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The Muse's Storage Box

The Muse's Storage Box
Copyright Diane Lou.

Alchemical Dreams and Disparate Realities

Rust and bones, broken toys and old text, game boards, gears and nests. Even as a child such odd, unwanted items evoked a pit-of-the-stomach response that bordered on exhilaration.
While I make no attempt to conjure up specific feelings in the viewer, the ambiguous juxtapositioning of familiar materials creates art that evokes half-forgotten, dream-like visions that beg to be interpreted by the viewer. There is a sense of deja vu (the already seen) tempered by a sense of jamais vu ( the never seen, or the illusion that the familiar does not seem familiar), and this contradiction asks the viewer to dig deeply, to look inside her own repository of wisdom, intuition and experience to find her own meaning in the familiar objects she sees.
The once-private discards of people's material lives that I collect for my art seem to carry universal memories with them, memories that can engage and mystify the viewer. Their beauty lies within the rust, the erosion, the wear, and the mere fact that they were once possessions.
I play with abandon and with no forethought. Each piece of detritus seems to suggest to me a relationship with some other piece, and I begin to put them together and wait for the mental "buzz" that lets me know I am proceeding as I should. Even at this point, I continue to remain in the play state and will not allow myself to direct the outcome of the piece, a process that requires complete trust. The outcome often mystifies me as much as it might any viewer.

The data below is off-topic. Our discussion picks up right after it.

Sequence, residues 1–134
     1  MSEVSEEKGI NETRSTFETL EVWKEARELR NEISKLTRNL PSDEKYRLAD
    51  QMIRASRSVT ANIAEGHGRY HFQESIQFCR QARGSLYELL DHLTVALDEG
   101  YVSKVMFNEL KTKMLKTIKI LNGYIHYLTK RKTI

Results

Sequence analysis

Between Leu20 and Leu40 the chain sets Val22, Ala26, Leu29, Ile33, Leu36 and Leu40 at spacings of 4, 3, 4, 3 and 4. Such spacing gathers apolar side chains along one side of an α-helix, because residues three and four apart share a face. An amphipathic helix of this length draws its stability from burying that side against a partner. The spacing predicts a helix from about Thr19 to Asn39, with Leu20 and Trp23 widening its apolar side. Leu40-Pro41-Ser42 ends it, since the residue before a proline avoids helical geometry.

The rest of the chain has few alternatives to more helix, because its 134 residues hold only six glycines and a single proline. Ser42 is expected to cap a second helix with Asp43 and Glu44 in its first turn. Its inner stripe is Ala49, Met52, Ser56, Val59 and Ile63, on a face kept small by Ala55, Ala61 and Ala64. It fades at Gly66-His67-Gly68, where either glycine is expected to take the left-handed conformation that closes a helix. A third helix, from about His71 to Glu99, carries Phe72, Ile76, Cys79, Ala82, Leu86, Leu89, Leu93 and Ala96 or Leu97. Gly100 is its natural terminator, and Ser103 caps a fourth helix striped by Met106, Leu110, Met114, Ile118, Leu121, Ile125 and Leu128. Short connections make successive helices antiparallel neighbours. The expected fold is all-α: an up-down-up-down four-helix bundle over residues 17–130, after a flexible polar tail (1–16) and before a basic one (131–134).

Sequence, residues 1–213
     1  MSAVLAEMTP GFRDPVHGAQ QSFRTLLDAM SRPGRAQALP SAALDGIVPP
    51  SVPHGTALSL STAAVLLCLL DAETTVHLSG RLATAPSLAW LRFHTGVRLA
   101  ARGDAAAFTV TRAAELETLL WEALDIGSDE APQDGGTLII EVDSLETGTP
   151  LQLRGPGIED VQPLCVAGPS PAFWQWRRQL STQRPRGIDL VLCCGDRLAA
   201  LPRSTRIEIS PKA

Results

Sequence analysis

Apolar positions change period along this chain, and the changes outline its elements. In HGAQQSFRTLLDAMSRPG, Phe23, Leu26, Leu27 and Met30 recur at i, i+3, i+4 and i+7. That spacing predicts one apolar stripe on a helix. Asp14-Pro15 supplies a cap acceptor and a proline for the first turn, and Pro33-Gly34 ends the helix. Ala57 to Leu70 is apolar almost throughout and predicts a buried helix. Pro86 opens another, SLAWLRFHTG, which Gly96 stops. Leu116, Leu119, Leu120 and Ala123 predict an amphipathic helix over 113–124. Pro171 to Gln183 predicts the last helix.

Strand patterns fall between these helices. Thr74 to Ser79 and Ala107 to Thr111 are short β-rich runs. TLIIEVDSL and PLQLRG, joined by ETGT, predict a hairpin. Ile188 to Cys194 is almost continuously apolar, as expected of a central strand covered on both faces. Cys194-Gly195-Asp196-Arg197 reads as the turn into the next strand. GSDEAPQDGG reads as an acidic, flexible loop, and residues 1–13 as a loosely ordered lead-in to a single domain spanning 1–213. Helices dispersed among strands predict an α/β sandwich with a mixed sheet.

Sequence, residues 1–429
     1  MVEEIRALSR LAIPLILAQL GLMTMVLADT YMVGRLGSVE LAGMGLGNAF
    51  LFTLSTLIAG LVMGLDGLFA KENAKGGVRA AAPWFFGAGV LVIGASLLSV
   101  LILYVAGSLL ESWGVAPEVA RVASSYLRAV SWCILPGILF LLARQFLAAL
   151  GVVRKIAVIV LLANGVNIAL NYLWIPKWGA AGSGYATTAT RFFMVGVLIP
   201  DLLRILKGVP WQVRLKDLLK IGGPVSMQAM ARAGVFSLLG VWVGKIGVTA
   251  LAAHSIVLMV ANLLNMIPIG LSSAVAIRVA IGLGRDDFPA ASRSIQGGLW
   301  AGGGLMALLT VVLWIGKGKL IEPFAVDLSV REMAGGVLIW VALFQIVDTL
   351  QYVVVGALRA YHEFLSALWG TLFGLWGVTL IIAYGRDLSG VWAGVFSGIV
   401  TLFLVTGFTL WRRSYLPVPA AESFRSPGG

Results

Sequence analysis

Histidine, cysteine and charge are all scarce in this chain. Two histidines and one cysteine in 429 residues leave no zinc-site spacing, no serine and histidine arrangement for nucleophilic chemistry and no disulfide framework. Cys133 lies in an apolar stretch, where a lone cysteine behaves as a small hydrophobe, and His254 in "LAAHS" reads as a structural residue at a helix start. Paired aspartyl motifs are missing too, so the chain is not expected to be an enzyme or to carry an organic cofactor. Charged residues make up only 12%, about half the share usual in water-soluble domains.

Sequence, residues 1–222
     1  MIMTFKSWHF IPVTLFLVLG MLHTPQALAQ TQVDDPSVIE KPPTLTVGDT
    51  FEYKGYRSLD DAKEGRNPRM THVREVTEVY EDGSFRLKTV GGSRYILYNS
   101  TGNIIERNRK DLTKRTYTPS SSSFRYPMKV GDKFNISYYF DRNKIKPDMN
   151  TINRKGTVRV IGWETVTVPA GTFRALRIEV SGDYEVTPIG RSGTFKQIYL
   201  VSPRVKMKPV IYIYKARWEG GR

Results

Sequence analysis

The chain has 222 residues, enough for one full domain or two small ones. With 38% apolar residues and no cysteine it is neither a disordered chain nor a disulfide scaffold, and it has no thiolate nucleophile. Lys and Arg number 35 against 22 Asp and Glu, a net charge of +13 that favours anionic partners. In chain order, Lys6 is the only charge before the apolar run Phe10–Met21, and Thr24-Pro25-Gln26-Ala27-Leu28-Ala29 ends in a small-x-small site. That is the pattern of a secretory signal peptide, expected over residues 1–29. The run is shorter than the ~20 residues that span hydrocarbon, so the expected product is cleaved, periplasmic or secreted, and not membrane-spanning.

Remember when, as a child, whatever was in reach became the instrument of your creative exploration? That is my life. A rusty, flattened piece of metal on the street, a gnawed bone by the roadside, a unique twisted branch from a tree, a fallen nest, a broken egg, a snake's skin, a dead butterfly...all will be added to my collection and eventually have their beauty honored in one of my pieces. The resulting art creates a new story with its own imagined history, one that invites the viewers to lay some claim on it by allowing themselves to be enveloped by the sight, the history, and the ambiguity of the realities before them.

Monday, July 26, 2010

Flowing like a river...

Many years ago when someone asked me what my ideal life would be I remember replying, "I would be a full-time artist". That has always been my love. As a child I would hide out in the sweltering upstairs bedroom of our Kansas farm house to do art with whatever few things I could gather. Interestingly, in light of what I do today, one of my favorite things was to use shoeboxes to create dioramas, 3-D scenes. Even then I remember being entranced by these miniature worlds I could create within a box. it surprising this is what I am doing now and what has brought me the most joy of any of my creative endeavors?

I've often read that the things that make us happiest as adults are the things we enjoyed doing during the years of 7-10. When I see how many people count the days until they can retire, or dread each and every day spent at work, I am even more grateful for the opportunity to do what I love.

And the art flows out like a river. It is as if a whole lifetime's worth of shoebox dioramas has been dammed up inside of me all my life and now, given the time, space and opportunity, it is all coming out.
P.S. This piece has undergone some additions since this photo was posted. Will post an update one of these days.
(Bound Angel, copyright by Diane Lou 2010)

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